March 7, 2011

SEC Update

There have been several recent newsworthy items coming from the SEC.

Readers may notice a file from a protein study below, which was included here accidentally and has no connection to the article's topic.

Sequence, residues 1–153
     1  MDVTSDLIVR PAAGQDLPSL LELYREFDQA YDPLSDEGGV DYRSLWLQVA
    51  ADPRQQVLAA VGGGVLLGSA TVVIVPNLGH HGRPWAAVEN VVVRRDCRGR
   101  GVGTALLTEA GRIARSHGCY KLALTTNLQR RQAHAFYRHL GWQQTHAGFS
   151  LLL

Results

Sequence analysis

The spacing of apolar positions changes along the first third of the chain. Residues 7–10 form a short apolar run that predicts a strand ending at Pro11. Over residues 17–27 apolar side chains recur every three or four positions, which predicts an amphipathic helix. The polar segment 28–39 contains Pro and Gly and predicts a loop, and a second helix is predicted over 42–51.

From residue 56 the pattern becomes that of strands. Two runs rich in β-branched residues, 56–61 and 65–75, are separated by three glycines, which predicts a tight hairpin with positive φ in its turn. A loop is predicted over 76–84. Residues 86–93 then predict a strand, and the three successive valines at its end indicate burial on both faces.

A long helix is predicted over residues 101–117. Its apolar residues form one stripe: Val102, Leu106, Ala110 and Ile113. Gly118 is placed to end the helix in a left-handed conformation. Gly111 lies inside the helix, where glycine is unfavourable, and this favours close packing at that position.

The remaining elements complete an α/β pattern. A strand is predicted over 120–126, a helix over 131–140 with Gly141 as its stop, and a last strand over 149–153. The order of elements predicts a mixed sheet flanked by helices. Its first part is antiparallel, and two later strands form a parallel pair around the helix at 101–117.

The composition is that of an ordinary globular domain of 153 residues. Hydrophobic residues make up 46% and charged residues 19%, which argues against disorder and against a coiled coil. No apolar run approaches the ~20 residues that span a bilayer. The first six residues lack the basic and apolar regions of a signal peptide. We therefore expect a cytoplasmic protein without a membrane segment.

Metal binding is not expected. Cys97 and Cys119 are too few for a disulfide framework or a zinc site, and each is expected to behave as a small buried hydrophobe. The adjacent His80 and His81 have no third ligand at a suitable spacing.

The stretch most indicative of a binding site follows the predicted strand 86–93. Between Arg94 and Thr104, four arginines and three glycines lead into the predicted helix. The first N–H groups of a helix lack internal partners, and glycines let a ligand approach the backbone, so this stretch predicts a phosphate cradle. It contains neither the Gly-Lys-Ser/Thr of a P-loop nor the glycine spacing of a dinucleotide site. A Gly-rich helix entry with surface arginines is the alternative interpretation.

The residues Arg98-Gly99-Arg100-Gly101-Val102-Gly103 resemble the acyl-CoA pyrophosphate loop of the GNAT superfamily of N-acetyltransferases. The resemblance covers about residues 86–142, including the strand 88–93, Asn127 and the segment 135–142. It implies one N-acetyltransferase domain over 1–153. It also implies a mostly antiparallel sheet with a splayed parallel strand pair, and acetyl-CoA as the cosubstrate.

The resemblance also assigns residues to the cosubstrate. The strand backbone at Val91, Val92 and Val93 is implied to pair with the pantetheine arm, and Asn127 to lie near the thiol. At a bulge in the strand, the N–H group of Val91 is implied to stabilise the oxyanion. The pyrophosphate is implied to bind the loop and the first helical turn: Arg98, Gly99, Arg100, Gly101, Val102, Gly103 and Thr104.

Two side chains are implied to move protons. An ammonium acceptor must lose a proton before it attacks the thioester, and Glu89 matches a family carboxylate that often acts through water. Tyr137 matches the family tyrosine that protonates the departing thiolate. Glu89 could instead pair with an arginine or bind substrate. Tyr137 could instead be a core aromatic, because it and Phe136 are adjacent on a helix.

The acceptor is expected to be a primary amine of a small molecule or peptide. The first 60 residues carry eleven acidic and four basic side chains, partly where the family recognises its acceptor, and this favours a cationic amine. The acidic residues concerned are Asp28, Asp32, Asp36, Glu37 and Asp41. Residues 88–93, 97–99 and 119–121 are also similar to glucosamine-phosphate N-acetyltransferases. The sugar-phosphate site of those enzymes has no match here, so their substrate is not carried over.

1. CD&A Clarification.  On March 4, 2011, the SEC published some brief but helpful guidance with respect to the Compensation Discussion and Analysis (CD&A) for annual proxies.  Current SEC guidance requires that companies disclose certain information between the close of the fiscal year covered by the proxy and the time the proxy is finalized.  There has always been confusion as to what is actually required.  More conservative advisers have suggested that any significant compensation action taken after the close of the year should be disclosed in detail, even if it relates to compensation payable in a year subsequent to the year covered by the proxy.  Others have taken a more literal reading of the SEC guidance and have counseled disclosure only to the extent the later compensation action was material to the understanding of compensation reported in the year covered by the proxy.  The March 4 guidance clearly supports the latter view indicating a no answer to the following question:“is a company required to discuss executive compensation, including performance target levels, to be paid in the current year or in future years?”The SEC went on to add, “the CD&A covers only compensation awarded to earned by or paid to [NEOs].’ “The SEC continues that although current guidance addresses disclosure of actions taken after the end of the year covered by the proxy, disclosure is required only to the extent necessary to provide a “fair understanding of the [NEO’s] compensation for the last fiscal year.”While there is no question this response still leaves considerable gray area, it does remove the pressure to disclose new targets and compensation for later years that may have been set after the close of the preceding year but prior to the completion of the proxy.  At least that would seem to be the case if the new targets, etc., are set in the ordinary course.  The primary benefit to this clarification is that compensation committees no longer have to be concerned that they will have to disclose, in the preceding year’s proxy, targets, compensation levels etc. that are set for the current or future years in the normal course after the end of the preceding fiscal year but before the proxy is finalized.Where the area gets a little gray is if, for example, after looking at performance, compensation, targets etc., for the preceding year, the board determines the compensation program failed to achieve the basic underlying goals and thus should be jettisoned in favor of a much different type of program.  In this case, at least general commentary might indicate the previous program needed significant alteration or replacement to achieve underlying goals and strategies for the years going forward.  Here, the subsequent decisions would seem shed light on the previous year’s compensation.